Designers shouldn’t get the last word: Philips Touch-fail

Philips 243E2 Monitor - Touch Buttons Here’s an example of how the Philips-designers have totally failed, they used touch-controls for the menu system. Touch-controls are nice, but only on a screen-surface.
I’ve to push extremely hard to navigate through the system, it feels like I’m breaking the screen.

  • A menu-system should be easy to navigate through
  • Have a nice tactile feed-back that matches each menu-step
  • Easy accessible buttons
  • The placement of the buttons should match the lineup of the GUI-menu

Here’s a good example of a IBM monitor, they use clearly visible buttons that lines up vertically with the menu.
IBM Monitor Buttons

Many designers lay to much energy into appearance and less into accessibility. Accessibility is such a vital part of our life.

… also, computer-monitors shouldn’t have integrated speakers. That trashy speakers produce some really bad sound-quality and take too much room in the monitor. I’ve never seen someone actually used integrated monitor-speakers.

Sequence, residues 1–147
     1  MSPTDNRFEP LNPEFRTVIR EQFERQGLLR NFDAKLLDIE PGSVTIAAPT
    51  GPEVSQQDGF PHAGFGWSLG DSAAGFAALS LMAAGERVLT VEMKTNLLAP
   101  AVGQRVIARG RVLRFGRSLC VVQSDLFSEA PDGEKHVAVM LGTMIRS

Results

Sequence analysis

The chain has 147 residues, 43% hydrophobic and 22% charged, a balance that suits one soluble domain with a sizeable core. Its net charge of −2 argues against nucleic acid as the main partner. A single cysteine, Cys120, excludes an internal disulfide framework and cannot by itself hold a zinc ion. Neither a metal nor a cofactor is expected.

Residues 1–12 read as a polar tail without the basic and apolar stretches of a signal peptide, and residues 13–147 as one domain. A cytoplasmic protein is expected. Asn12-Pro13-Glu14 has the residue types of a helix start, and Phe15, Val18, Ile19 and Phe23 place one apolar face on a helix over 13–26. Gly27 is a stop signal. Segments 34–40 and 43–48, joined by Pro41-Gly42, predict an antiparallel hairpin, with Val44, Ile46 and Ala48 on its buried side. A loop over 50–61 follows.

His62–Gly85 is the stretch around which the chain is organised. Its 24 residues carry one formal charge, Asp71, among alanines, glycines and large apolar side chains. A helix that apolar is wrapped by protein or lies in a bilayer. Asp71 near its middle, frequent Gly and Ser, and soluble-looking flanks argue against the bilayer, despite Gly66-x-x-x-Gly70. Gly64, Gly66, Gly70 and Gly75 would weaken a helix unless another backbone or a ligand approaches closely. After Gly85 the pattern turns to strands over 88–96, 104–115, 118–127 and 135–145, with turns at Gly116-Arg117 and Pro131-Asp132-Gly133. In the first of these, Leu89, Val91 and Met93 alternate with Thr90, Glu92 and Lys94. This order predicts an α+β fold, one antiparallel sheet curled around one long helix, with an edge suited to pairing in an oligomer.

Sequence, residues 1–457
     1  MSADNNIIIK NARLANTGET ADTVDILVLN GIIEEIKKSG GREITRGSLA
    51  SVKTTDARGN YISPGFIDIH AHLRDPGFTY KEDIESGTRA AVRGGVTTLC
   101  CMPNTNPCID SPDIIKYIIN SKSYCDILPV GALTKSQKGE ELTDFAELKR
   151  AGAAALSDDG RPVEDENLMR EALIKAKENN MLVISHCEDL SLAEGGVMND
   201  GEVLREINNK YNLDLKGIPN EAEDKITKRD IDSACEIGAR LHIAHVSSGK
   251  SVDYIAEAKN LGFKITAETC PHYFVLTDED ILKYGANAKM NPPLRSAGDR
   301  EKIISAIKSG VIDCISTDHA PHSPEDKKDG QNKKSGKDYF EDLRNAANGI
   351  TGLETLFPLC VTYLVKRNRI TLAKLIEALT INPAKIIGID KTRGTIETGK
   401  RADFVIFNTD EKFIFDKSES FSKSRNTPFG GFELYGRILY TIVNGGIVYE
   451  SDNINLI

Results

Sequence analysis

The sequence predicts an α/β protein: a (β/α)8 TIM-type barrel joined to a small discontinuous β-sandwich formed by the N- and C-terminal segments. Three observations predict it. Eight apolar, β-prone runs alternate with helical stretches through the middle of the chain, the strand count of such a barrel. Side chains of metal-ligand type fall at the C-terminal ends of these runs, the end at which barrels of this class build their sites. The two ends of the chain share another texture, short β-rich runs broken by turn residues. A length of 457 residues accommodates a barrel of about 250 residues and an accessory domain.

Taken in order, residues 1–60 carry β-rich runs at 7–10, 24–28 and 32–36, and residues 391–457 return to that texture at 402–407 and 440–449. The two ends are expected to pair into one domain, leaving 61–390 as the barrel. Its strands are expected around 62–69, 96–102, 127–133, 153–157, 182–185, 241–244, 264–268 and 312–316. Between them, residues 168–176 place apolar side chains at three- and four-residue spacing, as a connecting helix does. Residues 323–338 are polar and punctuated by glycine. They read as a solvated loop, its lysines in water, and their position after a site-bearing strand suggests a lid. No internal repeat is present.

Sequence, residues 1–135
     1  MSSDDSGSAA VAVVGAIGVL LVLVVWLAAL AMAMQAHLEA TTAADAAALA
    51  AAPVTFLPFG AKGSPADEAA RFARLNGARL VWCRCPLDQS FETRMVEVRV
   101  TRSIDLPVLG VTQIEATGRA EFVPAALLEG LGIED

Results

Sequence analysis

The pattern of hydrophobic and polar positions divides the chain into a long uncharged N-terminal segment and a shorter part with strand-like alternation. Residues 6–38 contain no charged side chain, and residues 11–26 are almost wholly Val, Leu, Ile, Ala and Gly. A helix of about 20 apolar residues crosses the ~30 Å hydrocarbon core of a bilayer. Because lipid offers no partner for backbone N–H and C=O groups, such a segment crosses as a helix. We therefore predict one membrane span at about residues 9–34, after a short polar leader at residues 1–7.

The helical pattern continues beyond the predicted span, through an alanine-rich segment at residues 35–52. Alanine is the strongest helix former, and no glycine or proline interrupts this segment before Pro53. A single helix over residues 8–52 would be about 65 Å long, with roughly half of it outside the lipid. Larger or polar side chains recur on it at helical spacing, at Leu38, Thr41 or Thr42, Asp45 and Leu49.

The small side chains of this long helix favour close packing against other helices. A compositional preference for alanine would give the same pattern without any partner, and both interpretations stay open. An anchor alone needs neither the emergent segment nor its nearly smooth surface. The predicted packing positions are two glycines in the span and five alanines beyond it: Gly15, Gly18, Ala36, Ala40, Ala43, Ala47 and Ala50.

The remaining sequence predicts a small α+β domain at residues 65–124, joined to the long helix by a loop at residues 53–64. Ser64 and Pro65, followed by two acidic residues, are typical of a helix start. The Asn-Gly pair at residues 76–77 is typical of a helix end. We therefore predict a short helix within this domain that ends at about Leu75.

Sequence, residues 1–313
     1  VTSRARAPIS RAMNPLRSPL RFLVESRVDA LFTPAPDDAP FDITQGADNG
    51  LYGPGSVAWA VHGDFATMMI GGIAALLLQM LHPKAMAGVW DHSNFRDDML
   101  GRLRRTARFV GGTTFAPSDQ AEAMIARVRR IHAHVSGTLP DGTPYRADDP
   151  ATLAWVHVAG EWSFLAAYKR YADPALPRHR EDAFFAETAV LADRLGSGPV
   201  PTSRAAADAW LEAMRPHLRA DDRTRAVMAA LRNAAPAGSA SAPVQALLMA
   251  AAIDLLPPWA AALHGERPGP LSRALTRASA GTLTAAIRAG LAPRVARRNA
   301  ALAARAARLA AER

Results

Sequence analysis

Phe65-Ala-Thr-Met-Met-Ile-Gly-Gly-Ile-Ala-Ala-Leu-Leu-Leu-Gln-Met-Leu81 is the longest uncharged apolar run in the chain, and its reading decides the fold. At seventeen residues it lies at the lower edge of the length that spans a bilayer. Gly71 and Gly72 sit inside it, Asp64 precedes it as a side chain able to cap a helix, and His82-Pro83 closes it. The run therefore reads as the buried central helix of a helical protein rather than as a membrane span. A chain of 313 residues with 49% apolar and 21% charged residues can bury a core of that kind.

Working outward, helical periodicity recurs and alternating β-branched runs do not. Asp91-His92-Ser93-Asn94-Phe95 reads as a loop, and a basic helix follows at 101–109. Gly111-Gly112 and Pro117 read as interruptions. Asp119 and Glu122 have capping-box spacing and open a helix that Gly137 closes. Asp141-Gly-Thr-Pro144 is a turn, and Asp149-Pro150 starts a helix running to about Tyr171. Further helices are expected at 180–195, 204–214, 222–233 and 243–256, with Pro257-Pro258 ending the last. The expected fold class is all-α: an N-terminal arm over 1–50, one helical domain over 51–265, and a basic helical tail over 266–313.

If the appearance starts to effect the functionality and accessibility of a product it’s wrong.

Swedbank ATM failed today

When I was going about to get some cash earlier today, this sight met me at the Swedbank ATM at Brunnsparken.

I had to document this. This looks like quite sensitive information leaking out.

Trying to send event: AGMGR01    CS310041501105147


För många sedelåterdragmnigar

You could see that the ATM is running Windows XP in the background. 🙂

Quite bad pictures, but I had the sun behind my back.